Throughout the year, Nassau Alumnae members -- "Soros," as they affectionately call each other -- spend hours engaged in community service activities, from hosting health workshops, readings and college information fairs at schools; to serving seniors in shelters and nursing homes. "Serving people, that's our goal," says Van Eyken. "We partner with just about everybody. Wherever there's work to be done, we join in, or lead the charge."
Once a month, Deltas play bingo with residents at the A. Holly Patterson Extended Care Facility in Uniondale. "I really enjoy that," says Delois Lewis, 75, of West Hempstead, a retired Nassau County probation officer who first joined Delta in 1956 as a junior at Fisk College in Nashville.
"They [Delta members] come here religiously, faithfully, every month," says Mary Grace Lynch, director of therapeutic recreation at the A. Holly Patterson facility. "They interact with the seniors, they build relationships. They've always been so loyal to us. They've been coming since I've been here -- 29 years."
McKenzie, 51, who joined Delta as an undergraduate at LIU Post in 1983, has long been active in raising scholarship money. "I enjoy working with the youth a lot, encouraging them to do education," says the retired detective who lives in Freeport. "I enjoy giving to others, making a difference in other people's lives."
Frazier, too, has "always liked the educational part [of Delta] more than anything else." Frazier, 70, of Rockville Centre, initiated the Black College Tour, a bus trip over Columbus Day weekend in October for high school students to visit several traditionally black colleges along the East Coast, such as Hampton University in Virginia, Howard University in Washington, D.C. and Morgan State University in Baltimore. (Frazier is a graduate of Wilberforce University in Ohio, the first college to be owned and operated by African-Americans.) "We try to expose students to campus life and motivate them to go to college," says Frazier. "We've had a number of students decide after the trip, 'This is where I want to go.'"
Pamela Washington, 42, of Queens, highlights activities such as "Jabberwock," Delta's talent showcase for young girls and boys -- also the group's largest fundraiser for scholarships. Another favorite: the annual poetry contest for Nassau County kids, says Washington, who is principal of the High School for Youth and Community Development at Erasmus in Brooklyn. "It's very competitive," she says. "They bring out their best poems."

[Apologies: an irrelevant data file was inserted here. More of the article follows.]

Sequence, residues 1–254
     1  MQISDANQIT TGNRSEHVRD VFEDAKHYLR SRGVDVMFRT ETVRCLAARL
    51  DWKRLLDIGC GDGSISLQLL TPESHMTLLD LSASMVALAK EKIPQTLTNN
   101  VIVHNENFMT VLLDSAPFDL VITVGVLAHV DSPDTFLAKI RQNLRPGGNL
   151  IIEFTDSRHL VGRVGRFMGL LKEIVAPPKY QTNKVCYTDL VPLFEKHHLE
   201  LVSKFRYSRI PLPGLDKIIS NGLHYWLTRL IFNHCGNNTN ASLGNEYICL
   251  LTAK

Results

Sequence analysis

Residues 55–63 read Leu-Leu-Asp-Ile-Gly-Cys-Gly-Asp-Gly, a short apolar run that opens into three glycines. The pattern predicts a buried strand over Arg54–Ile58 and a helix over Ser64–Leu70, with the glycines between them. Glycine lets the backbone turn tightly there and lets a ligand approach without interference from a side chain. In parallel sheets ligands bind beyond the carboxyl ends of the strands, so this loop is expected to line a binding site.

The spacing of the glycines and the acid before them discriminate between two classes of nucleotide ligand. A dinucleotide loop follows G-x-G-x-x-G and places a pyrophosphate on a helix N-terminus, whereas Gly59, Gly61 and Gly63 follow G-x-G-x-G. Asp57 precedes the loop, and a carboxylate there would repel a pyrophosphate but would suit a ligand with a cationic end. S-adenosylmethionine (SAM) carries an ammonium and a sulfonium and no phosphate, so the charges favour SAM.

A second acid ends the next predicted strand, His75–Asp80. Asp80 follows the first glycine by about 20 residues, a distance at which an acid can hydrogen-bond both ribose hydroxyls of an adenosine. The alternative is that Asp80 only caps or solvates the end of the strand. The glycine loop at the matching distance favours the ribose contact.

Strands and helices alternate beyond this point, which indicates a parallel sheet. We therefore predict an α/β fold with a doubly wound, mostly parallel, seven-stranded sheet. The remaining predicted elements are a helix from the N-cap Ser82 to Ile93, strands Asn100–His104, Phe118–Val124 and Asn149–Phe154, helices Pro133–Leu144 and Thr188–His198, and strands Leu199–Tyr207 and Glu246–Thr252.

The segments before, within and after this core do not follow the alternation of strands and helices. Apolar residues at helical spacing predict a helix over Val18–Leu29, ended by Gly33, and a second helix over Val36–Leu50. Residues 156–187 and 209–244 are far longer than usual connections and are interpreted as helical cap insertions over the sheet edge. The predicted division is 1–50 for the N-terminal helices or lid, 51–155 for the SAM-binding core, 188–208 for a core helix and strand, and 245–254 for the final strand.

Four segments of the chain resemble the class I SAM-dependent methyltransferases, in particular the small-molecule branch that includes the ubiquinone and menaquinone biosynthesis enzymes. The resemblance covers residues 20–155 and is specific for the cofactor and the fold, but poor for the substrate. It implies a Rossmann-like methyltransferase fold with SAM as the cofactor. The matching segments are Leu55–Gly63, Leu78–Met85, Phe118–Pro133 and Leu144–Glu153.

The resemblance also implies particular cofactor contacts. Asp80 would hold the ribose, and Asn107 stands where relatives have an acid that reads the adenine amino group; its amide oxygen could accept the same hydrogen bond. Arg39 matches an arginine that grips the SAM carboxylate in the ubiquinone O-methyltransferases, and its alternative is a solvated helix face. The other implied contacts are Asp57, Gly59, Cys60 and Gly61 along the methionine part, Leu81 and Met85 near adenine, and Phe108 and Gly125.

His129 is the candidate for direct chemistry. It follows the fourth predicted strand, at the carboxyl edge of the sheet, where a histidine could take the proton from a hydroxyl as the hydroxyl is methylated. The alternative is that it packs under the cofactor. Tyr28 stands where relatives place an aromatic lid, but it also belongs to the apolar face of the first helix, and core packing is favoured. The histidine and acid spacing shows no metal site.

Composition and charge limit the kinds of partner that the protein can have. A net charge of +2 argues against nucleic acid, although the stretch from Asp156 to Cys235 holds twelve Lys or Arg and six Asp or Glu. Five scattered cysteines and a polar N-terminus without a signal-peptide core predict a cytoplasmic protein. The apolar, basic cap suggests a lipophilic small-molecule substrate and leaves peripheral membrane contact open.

Together with such community service is an unqualified commitment to other Delta members. "It's a wonderful fellowship," says Bowen. "It's a sisterhood."
Mentoring -- both formal and informal -- is an integral aspect of the camaraderie. Like Delta Sigma Theta chapters nationwide, the Nassau Alumnae (dstnac.org) offer a mentoring program for teen girls called GEMS (Growing and Empowering Myself Successfully) and the EMBODI program (Empowering Males to Build Opportunities for Developing Independence), recently started for young men.
Older Deltas also serve as mentors to younger soros. "They really treat their elders with pride," says Lewis.
And members frequently make time to socialize with other soros outside the organization, "even if it's just to go out to lunch," says Frazier, the retired teacher. "Once a year, we try to take a weekend together -- away from our husbands."
For many members, the sorority has become literally a family affair. Washington (whose aunt became a Delta in 1976) learned about the Nassau Alumnae Chapter from her sister, who was already a member there. Frazier now has a daughter at Spelman College in North Carolina, also a Delta. And when Lewis attends her family's 54th annual reunion in North Carolina later this year, she will be surrounded by soros.
"All of the women in my family are Deltas," she says. "All 10 of them."